3. The economists of ECLAC and the theory of dependence
This third block analyses the emergence of a series of critical economists with the dominant "development" discourse that stemed from the framework of the Economic Commission for Latin America and the Caribbean (CEPAL, in Spanish). Specifically, this third point analyses the theory of dependence.
- Currie-Alder, B. (2016): “The state of development studies: Origins, evolution and prospects”, Canadian Journal of Development Studies, vol. 37, no. 1, pp. 5-26.
- Smith, T. (1985): “Requiem or New Agenda for Third World Studies?”, World Politics, vol. 37, no. 4, pp. 532-561.
- Prebisch, R. (1988): “Depndencia, interdependencia y desarrollo”, Revista de la CEPAL, no. 34, pp. 205-212.
Module 3: The intersection of security and development
This module analyses how, since the 1970s, there has been a growing convergence between security and development issues. This block examines the effect of the consolidation of environmental studies on development as well as the effect on security strategies of the proliferation of new threats to people within the framework of the end of the Cold War. The module breaks up academic debates on key issues such as sustainable human development and human security.
1. The emergence of environmental studies and sustainable human development
Throughout this first block the student will become acquainted with the impact of the emergence of environmental studies on the evolution of the conceptual and operational framework of development.
2. The 1990s and the new threats to security
This second block is devoted to changes and structural transformations that occurred on the international stage around the 1990's and how new security threats were begun that required new paradigms to be addressed.
3. Human security
In this third block, and in conjunction with the two previous points, the module breaks down the conceptualization and operational framework of human security, a concept of security that was consolidated in the 1990s as a potential response to the new threats to security.
- Alkire, S. (2003): “A conceptual framework for Human Security”, CRISE Working Paper 2, Queen Elizabeth House, University of Oxford.
- Buzan, B., Waever, O. and de Wilde, J. (1997): Security: A new Framework for Analysis, London: Lynne Rienner Publishers, pp. 21-49.
- Sen, A. (1989): ‘‘Development as Capabilities Expansion’’, Journal of Development Planning, vol. 19, pp. 41 – 58.
Module 4: Security and development beyond modernity
The fourth module addresses new approaches to security and development in the context of the last two decades. The module examines the effects of the emergence of postmodern critique on development and security, which question modern foundations such as science and reason to make sense of security and development challenges. Moreover, it raises new theoretical approaches that go beyond postmodern critique (criticism of criticism) and that could potentially be used as tools for analysis on development and security.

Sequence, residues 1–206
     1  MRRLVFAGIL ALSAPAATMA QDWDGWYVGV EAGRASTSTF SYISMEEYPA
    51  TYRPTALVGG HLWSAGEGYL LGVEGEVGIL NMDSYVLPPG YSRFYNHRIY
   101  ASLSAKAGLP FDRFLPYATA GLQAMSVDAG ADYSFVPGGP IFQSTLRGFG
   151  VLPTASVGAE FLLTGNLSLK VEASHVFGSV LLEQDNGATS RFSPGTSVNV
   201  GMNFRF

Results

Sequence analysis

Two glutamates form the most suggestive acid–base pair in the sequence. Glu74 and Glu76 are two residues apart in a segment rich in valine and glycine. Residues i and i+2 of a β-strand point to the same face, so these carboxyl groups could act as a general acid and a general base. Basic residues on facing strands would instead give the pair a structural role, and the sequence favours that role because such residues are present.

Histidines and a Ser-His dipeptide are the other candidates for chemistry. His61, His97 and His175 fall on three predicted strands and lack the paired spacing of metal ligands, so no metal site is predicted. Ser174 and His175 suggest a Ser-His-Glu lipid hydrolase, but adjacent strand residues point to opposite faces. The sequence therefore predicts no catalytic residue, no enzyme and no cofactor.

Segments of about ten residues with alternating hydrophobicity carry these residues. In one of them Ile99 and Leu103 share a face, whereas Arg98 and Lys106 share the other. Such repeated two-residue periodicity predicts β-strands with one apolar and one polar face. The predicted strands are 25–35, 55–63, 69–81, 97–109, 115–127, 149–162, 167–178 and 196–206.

1. Security in the 21st century, critical safety studies and criticism of critics
In this first block the student will become familiar with the most recent conceptualization of the security as well as the response of the critical studies of security and criticism of the criticism.
2. Postmodernity and development
Throughout the next block, it will be analysed how the consolidation of postmodern thinking, and specifically within the framework of feminist studies, has had an important influence on the conceptualization of development.
3. Beyond postmodernity: Security and development in the Anthropocene
In this third and last block of this fourth module (and of the course), the current ecological era of the Anthropocene is affirmed. It is argued the theoretical and operational implications the Anthropocene has had for security and development.
- Hynek, N. and Chandler, D. (2013): “No emancipatory alternative, no critical security studies”, Critical Studies on Security, vol. 1, no.1, pp. 46-63.
- Marchand, M. and Parpart, J. (eds.)(1995): Feminism, Postmodernism, development, Routledge International Studies of Women and Place, Routledge: London (pp. 1-23).
- Morton, T. (2010): The Ecological Thought, Harvard University Press, pp. 1-20.
Each chapter of the module will be assessed, providing continual assessment over the duration of the course, with a higher weight towards the end.